Search Results

You are looking at 1 - 4 of 4 items for

  • Author or Editor: Melinda J. Wilkerson x
  • Refine by Access: All Content x
Clear All Modify Search

Abstract

Objective—To determine serum antinuclear antibody (ANA) titers in dogs with systemic lupus erythematosus (SLE) and in dogs with related clinical and clinicopathologic findings.

Design—Retrospective case series.

Animals—120 dogs.

Procedures—Information that was evaluated included signalment, clinical signs, results of routine laboratory testing, ANA titer, and diagnosis.

Results—The most common clinical signs were arthralgia, myalgia, and stiffness (n = 41 [34.2%]); the most common clinicopathologic abnormality was thrombocytopenia (30 [25%]). Serum ANA titer was < 160 (seronegative) in 89 dogs (74.2%), 160 in 14 dogs (11.7%), 320 in 5dogs (4.2%), and ≥ 640 in 12 dogs (10%). Immune-mediated disease was confirmed in 40 dogs, 18 of which fulfilled the criteria for a definitive or probable diagnosis of SLE. Only 1 of 47 dogs with no major signs compatible with SLE had immune-mediated disease, compared with 26 of 57 dogs with 1 major sign and 13 of 16 dogs with ≥ 2 major signs.

Conclusions and Clinical Relevance—Results suggested that measurement of ANA titer was not a useful diagnostic test in dogs without any major clinical or clinicopathologic abnormalities suggestive of SLE. In contrast, there was a good chance that results of the ANA assay would be positive and that the dog would be found to have immune-mediated disease if at least 2 major signs were evident. Findings suggest that it would be reasonable to limit the use of the ANA assay to those dogs that have at least 1 major sign compatible with a diagnosis of SLE.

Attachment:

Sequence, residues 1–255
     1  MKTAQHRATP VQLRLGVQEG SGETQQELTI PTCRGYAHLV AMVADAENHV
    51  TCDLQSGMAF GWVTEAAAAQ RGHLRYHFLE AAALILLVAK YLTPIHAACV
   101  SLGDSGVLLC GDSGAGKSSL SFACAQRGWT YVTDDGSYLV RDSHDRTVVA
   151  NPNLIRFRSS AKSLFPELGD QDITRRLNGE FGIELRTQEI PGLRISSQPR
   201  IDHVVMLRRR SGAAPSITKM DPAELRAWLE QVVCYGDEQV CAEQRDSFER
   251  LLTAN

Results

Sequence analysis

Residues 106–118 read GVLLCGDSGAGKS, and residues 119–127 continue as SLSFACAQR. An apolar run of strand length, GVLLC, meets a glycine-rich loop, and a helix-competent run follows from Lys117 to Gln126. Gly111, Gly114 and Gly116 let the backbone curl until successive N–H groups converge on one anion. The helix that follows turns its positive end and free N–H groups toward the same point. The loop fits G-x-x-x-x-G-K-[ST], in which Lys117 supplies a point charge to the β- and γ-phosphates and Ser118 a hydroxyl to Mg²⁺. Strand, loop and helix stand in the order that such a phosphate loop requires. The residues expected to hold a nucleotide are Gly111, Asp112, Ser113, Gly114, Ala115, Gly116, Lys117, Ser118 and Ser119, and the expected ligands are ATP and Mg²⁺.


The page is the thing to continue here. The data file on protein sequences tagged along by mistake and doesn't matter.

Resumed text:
Restricted access
in Journal of the American Veterinary Medical Association

Abstract

Objective—To identify erythrocyte-bound immunoglobulin (Ig) isotypes in dogs with primary immune-mediated hemolytic anemia (IMHA).

Design—Retrospective case series.

Animals—54 dogs with IMHA.

Procedures—Medical records of dogs with IMHA diagnosed between January 2001 and April 2010 were examined. Immunoglobulin isotype (tested via direct immunofluorescence by flow cytometry to identify erythrocyte-bound Ig), Hct, serum bilirubin concentration, presence of autoagglutination, degree of spherocytosis, duration of hospitalization, and 90-day outcome were recorded.

Results—The Hct on admission was significantly lower in dogs with IgG and IgM isotypes bound to erythrocytes, compared with dogs with a single Ig isotype, and the degree of spherocytosis was greater in dogs with IgG and IgM bound to erythrocytes, compared with dogs that only had IgM. Dogs with only IgM were not more likely to have autoagglutination, compared with dogs that only had IgG on the erythrocyte surface. Although Ig isotype was not associated with survival time, initial serum total bilirubin concentration was higher in nonsurvivors.

Conclusions and Clinical Relevance—Results suggested that dogs with IMHA with ≥ 2 Ig isotypes bound to erythrocytes, particularly IgG and IgM, are likely to have a more severe degree of anemia, spherocytosis, and autoagglutination.

Restricted access
in Journal of the American Veterinary Medical Association
in Journal of the American Veterinary Medical Association